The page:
When the iPhone 4 free bumper program finished a week ago, Antennagate ended. But Ryan Block reports that the iPhone engineering team has discovered another major design flaw that could lead another iPhone 4 scandal.
While we've had our own concerns over the iPhone 4's glass back, what the iPhone engineering team discovered post-Antennagate, according to Block, is that non-bumper cases that slide onto the iPhone 4 can cause scratching when particles get between the case and the glass. Those scratches can lead to serious cracking in no time.
So if somebody puts a slider case on their phone, there's a possibility the next time they pull the phone out of the case, the back is totally busted, solely because of this design flaw. The potential issue's dire enough that Apple had blocked all third-party cases from the Apple Store until this week, even ones certified "made for iPhone". And Block hears that the engineering team has built a lab and test program just to examine this problem.
Pulling cases from the shelves screws manufacturers who designed and built slide-on cases, and who pay Apple a 10-15 per cent cut to get the Made for iPhone badge, which allows the cases to be sold in Apple Stores (a hotly desired retail channel, for obvious reasons). Block says they're now "all but dead in the water," and it's possible they might not see their product back in Apple Stores at all. Apple's not telling the manufacturers when or if it'll happen. In the meantime, slide-on cases are still sold elsewhere, and people are still buying them, meaning we could be seeing a lot of cracked iPhone 4s. (Besides all of the clumsy people dropping them.)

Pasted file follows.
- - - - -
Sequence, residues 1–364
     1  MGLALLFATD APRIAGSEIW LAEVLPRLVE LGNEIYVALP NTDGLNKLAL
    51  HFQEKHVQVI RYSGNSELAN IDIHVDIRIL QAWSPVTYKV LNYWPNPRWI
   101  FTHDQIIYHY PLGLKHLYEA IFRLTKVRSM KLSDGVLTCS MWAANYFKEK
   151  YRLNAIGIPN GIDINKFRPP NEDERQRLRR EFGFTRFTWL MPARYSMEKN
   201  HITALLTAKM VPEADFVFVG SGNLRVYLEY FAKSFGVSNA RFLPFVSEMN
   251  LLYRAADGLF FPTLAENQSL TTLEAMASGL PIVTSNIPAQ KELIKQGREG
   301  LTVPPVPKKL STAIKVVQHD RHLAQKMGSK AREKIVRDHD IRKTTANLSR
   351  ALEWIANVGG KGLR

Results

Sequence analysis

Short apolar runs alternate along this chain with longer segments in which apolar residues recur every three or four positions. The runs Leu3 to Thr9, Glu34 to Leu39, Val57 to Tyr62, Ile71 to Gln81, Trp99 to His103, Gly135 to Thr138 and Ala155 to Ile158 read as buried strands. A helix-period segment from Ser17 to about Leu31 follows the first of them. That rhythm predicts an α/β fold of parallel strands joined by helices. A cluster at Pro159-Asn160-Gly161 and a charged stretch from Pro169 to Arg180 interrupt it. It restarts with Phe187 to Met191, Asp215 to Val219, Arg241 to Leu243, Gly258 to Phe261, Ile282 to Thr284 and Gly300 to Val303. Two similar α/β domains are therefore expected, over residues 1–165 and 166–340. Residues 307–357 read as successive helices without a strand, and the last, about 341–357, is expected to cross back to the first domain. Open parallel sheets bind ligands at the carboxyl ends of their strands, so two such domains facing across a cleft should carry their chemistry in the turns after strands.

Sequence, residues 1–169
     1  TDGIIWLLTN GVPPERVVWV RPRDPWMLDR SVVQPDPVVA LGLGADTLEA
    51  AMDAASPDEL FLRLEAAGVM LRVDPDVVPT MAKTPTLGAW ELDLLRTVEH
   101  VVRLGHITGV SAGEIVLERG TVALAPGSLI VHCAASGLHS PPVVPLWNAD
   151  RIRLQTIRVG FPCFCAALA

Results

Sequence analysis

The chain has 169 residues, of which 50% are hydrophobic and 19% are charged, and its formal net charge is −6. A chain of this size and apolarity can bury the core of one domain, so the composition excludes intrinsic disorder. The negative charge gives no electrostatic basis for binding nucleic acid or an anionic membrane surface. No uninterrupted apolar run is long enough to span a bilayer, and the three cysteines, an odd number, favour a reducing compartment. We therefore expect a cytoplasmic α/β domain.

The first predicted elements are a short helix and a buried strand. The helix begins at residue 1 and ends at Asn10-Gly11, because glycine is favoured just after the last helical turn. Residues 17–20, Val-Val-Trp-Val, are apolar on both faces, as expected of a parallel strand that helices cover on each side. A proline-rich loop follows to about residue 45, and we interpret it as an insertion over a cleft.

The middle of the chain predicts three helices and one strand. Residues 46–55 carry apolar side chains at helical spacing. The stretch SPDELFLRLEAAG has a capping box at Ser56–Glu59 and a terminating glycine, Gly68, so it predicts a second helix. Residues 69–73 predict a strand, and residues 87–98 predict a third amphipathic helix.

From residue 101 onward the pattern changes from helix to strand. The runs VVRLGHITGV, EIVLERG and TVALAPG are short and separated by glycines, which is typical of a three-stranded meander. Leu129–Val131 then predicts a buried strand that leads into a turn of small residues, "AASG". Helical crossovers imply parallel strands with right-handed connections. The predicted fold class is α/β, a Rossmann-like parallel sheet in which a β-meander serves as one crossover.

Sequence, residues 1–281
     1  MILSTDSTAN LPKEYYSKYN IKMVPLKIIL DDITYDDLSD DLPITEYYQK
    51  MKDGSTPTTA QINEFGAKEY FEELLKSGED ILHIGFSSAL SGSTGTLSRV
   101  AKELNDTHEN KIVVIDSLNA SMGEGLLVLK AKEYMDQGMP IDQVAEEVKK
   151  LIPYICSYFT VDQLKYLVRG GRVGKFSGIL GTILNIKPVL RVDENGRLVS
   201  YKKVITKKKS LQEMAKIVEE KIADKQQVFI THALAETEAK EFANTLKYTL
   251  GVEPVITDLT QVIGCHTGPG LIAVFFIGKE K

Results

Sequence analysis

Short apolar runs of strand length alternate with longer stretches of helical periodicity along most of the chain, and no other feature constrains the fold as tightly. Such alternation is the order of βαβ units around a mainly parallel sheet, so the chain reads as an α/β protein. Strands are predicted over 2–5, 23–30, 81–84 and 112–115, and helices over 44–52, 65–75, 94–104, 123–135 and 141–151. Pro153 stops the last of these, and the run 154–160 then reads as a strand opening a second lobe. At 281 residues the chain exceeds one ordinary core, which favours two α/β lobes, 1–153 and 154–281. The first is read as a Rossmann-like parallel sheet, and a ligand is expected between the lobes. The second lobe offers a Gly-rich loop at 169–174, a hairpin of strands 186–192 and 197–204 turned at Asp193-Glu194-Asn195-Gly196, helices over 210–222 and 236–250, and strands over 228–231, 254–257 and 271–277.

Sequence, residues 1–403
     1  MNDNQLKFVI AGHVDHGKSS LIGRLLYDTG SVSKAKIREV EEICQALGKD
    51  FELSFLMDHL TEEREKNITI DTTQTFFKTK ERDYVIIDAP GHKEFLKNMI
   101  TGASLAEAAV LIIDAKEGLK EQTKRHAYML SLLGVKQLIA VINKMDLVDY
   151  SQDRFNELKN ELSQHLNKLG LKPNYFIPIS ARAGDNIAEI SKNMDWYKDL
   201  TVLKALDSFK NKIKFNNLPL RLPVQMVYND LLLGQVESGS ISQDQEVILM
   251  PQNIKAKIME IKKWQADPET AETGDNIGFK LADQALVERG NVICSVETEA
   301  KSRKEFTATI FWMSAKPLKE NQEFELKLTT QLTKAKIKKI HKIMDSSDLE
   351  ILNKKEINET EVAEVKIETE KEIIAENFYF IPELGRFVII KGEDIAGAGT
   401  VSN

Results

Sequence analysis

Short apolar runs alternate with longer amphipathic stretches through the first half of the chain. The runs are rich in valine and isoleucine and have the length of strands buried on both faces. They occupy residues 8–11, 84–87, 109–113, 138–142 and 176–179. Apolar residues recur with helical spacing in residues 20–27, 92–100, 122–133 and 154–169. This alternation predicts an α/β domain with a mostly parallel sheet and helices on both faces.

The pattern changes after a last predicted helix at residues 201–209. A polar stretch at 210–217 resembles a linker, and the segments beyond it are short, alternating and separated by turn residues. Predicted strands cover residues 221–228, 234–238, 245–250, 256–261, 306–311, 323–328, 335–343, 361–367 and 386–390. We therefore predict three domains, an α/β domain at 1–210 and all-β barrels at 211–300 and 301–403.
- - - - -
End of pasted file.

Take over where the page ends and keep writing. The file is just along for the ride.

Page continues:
Combined with the iPhone 4's antenna flaw, a lot of things make a lot more sense now. Why, in part, the bumper cases are designed the way they are. (There's no contact with the glass back, and it covers the iPhone 4's antenna.) Why there's been a relative dearth of iPhone 4 accessories on shelves. And why the Wall Street Journal reports that the next iPhone will have an entirely different form factor - to solve the problems inherent to the iPhone 4's design. Like Block says, don't expect the next iPhone to have a glass back. Or a weak spot in the antenna. [gdgt]